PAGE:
The bottom line shows that this service also includes a list of more than 580,000 email addresses thought to be associated with anti-spam activists, security firms and other “abusers.” This list included a number of “spamtrap” addresses created specifically for collecting and reporting spam. The note in the above entry — “abusers_from_severa” — indicates that this particular list was provided by an infamous Russian spammer known as Peter Severa. This blog has featured several stories about Severa, including one that examines his possible identity and role in the development and dissemination of the Waledac and Storm worms.

These lists include known antivirus industry honeypots and IP addresses of malware scanners to avoid.

These lists include known antivirus industry honeypots and IP addresses of malware scanners to avoid.

The second list from the top in the image directly above reads “[TheCC_crew]_AV_IP_drop”. The administrator of the the spammer-friendly forum thecc[dot]bz is the same miscreant who claimed responsibility for sending this reporter a gram of heroin ordered off the Silk Road earlier this year.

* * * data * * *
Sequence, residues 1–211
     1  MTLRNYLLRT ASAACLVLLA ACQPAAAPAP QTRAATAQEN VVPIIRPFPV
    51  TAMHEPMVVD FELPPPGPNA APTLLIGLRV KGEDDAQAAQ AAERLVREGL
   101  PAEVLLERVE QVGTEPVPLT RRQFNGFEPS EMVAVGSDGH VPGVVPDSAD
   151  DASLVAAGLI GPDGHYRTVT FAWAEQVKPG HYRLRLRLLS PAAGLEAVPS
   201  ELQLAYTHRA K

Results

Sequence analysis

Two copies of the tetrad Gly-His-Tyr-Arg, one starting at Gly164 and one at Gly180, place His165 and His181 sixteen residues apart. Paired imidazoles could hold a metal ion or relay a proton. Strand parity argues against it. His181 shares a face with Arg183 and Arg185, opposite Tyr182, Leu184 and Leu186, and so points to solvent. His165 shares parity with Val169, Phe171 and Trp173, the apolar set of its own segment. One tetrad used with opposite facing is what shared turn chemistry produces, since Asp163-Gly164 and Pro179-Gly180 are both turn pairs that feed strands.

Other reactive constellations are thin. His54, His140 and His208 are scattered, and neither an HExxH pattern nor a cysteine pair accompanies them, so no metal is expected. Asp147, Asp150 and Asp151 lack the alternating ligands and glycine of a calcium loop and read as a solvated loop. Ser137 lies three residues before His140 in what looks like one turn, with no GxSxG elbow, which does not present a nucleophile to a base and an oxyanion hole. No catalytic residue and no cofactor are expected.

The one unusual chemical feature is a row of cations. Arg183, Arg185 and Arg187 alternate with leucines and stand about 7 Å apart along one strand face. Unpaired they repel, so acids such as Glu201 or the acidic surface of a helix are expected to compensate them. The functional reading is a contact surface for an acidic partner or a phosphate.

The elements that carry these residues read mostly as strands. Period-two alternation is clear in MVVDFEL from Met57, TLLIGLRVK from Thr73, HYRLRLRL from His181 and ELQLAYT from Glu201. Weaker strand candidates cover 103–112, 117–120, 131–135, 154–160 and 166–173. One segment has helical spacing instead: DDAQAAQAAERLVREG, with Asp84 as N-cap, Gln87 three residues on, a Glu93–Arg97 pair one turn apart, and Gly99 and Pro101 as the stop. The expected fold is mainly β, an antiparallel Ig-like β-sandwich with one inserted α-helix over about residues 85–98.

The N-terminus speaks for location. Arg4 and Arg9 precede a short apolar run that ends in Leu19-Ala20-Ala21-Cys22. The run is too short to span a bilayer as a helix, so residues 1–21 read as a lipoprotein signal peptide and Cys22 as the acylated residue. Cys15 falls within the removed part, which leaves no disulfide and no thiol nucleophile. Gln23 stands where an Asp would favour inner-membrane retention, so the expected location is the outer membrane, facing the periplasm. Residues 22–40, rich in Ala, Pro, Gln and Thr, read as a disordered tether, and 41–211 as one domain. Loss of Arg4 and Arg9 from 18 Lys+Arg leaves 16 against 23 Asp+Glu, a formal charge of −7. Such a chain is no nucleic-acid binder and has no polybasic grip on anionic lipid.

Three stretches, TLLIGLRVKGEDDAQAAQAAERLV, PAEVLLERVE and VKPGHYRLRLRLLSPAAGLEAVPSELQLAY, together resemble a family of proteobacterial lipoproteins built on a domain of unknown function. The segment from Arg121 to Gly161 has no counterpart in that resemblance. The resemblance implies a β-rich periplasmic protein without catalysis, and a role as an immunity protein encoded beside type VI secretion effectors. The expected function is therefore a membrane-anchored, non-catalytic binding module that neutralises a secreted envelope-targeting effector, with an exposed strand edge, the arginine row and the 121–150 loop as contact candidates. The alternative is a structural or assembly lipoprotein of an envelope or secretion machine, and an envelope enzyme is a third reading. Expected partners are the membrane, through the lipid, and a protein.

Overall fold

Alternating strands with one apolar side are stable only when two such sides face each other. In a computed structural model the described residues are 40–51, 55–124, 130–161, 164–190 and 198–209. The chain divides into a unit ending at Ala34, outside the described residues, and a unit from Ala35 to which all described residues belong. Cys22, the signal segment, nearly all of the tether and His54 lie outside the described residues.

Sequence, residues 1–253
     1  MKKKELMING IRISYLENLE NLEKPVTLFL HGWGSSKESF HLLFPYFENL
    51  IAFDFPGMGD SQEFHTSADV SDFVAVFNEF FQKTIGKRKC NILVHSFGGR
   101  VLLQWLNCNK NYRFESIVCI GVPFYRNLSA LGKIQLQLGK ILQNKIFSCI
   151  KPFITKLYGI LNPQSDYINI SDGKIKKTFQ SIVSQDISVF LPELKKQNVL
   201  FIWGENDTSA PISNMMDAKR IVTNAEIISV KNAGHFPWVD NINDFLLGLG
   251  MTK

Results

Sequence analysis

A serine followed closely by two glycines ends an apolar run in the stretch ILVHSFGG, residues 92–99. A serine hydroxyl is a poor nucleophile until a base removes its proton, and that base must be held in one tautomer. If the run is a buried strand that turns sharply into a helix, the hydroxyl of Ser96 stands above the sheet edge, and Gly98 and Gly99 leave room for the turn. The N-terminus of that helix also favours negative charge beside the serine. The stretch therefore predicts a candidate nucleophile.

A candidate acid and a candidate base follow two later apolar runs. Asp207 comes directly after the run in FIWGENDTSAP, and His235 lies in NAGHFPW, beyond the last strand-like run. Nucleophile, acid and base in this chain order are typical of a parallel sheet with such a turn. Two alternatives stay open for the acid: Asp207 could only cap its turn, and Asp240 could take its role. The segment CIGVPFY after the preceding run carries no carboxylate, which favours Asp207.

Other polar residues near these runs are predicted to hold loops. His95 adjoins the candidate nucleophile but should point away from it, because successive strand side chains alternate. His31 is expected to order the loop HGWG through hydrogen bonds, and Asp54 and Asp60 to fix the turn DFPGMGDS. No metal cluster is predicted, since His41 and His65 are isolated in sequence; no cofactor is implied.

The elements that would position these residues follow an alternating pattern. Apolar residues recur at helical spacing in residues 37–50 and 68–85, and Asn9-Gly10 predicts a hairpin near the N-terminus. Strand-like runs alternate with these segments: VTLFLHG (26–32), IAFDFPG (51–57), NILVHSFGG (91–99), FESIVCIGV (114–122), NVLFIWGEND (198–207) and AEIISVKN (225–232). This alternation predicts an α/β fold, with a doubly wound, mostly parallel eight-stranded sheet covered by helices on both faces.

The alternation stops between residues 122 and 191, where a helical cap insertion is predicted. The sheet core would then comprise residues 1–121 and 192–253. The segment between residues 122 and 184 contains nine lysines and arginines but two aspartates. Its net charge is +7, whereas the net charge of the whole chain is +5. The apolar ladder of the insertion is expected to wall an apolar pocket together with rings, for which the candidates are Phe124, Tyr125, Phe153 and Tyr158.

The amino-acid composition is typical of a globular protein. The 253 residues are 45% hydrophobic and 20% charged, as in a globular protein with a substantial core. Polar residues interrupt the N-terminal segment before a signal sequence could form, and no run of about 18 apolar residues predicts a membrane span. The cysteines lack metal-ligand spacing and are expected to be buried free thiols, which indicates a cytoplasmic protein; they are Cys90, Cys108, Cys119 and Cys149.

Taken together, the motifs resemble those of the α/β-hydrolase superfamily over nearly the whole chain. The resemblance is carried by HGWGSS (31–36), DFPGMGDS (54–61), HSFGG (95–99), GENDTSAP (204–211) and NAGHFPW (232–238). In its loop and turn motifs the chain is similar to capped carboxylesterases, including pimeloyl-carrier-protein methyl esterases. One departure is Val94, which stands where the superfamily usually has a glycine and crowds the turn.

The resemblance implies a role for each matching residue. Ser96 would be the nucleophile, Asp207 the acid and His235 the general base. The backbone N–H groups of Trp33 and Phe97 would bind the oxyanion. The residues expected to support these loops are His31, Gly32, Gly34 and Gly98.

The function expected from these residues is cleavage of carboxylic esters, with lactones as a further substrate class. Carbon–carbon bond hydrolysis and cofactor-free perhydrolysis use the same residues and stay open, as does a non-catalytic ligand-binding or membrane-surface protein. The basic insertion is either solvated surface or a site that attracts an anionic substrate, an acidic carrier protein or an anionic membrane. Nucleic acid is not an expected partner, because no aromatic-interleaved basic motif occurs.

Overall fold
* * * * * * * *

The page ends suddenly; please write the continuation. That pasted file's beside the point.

Chris Barton, senior director of security research and operations at anti-spam provider Cloudmark Inc., said established spammers are keen to avoid mailing anyone they suspect may try to disrupt their business or make it more expensive.

“Many of the list names indicate that the data is sourced from suppression lists,” Barton said. “We know these suppression lists are regularly traded about so it’s interesting to see that there is also an underground market for them.”

Want to make life more difficult for spammers? Avoid clicking unsubscribe links in the junk emails; for the really spammy stuff, this could get you in trouble (unless it’s an email list you signed up for previously, and then you really should unsubscribe). Rather, consider signing up to report abuse through entities like SpamCop. has compiled a decent list of resources for those interested in reporting spam, either through SpamCop or by going it alone.

42 thoughts on “Don’t Like Spam? Complain About It.

  1. j.

    the faster an ip block owner, or hosting provider is notified about a compromised machine sending spam or hosting malware or phishing scam, the faster a spam campaign becomes wasted effort.